• Working 18th-century chamber organ
• Britain’s smallest royal palace – a domestic and intimate space
• Looks out onto the Great Lawn and across to the Orangery
A little history of the space…
Nearly four hundred years ago, this was the great hall of Samuel Fortrey’s house, and his magnificent plaster strapwork decoration survives over the inner door. Fortrey’s country villa then became a royal palace in the 18th century.
Kew Palace was intricately bound up with the turbulent times around George III’s illness. It was in this room that the King’s doctors cornered him and placed him under restraint when it was believed he was mad.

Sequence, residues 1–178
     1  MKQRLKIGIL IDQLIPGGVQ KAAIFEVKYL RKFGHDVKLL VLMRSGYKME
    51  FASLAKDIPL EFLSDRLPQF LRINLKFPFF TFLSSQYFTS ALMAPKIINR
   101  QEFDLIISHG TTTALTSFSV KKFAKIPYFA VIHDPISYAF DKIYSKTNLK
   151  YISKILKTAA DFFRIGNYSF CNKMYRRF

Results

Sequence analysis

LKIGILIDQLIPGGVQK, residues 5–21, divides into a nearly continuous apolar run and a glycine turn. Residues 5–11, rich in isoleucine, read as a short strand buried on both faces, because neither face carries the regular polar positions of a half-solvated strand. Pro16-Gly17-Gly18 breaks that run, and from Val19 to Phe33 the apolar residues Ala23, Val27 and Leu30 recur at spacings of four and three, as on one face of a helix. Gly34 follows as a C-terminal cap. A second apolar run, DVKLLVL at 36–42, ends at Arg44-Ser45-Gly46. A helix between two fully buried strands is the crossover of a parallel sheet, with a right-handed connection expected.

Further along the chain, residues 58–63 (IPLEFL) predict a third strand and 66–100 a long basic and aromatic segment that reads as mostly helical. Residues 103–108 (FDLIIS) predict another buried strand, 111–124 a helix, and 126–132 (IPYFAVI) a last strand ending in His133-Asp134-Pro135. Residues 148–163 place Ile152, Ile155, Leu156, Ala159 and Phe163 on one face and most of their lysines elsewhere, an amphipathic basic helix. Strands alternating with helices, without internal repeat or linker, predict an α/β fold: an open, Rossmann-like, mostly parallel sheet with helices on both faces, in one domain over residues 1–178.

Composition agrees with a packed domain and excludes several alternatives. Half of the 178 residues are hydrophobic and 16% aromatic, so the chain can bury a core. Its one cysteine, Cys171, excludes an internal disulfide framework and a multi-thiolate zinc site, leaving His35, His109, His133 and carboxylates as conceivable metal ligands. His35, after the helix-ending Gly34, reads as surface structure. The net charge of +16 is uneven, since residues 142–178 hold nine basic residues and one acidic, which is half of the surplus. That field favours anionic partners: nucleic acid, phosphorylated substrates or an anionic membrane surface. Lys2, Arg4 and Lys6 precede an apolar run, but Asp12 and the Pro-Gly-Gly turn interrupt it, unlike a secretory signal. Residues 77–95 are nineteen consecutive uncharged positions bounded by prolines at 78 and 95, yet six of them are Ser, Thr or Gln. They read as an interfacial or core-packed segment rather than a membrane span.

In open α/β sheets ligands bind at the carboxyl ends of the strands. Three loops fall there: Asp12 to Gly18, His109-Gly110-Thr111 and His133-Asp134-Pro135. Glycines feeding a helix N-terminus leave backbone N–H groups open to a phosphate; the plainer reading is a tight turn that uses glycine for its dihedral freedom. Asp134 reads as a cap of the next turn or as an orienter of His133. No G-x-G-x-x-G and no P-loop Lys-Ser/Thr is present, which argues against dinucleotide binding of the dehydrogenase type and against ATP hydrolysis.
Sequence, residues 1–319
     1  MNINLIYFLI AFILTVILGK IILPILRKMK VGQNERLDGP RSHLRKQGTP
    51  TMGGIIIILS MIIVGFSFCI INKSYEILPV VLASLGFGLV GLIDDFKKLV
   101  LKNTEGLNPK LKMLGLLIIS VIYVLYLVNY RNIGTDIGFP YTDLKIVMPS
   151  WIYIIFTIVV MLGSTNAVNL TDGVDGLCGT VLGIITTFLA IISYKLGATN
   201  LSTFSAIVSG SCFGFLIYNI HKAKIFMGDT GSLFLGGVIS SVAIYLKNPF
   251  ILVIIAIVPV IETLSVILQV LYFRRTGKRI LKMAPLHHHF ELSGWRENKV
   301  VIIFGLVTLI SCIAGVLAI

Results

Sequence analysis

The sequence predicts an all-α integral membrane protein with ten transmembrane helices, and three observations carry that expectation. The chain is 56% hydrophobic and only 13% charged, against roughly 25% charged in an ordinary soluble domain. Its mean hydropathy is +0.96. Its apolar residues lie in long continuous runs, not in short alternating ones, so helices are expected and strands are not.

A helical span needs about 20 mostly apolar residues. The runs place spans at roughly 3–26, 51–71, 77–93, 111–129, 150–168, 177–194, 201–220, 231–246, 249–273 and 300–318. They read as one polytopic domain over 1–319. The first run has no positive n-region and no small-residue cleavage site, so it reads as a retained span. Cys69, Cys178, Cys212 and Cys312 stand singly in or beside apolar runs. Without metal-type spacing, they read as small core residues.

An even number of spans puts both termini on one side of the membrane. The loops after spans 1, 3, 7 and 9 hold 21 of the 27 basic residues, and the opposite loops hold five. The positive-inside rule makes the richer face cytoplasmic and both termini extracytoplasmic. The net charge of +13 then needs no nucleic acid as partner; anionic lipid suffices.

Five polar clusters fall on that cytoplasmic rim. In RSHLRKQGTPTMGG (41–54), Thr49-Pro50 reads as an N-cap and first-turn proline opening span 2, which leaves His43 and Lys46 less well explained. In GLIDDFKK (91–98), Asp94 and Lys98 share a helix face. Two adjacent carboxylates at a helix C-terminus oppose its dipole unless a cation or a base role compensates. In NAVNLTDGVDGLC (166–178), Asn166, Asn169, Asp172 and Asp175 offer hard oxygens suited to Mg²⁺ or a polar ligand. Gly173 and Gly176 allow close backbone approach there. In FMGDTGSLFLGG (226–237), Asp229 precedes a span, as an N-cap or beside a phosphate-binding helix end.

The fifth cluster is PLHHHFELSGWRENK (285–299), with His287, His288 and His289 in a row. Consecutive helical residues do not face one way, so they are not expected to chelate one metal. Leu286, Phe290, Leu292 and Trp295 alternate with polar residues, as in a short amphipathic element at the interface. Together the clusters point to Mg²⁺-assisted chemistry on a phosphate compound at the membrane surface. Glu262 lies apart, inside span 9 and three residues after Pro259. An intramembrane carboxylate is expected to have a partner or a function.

This hall was also the dining room used by King George III and his family. The King often entertained the leading lights of the arts and sciences to intimate dinners. But the meals he ate with his family here were simple and hearty rather than rich and extravagant.
A very British dinner - smoked salmon, venison, sponge cake - was served here on Friday 21 April 2006, for the 80th birthday of Queen Elizabeth II.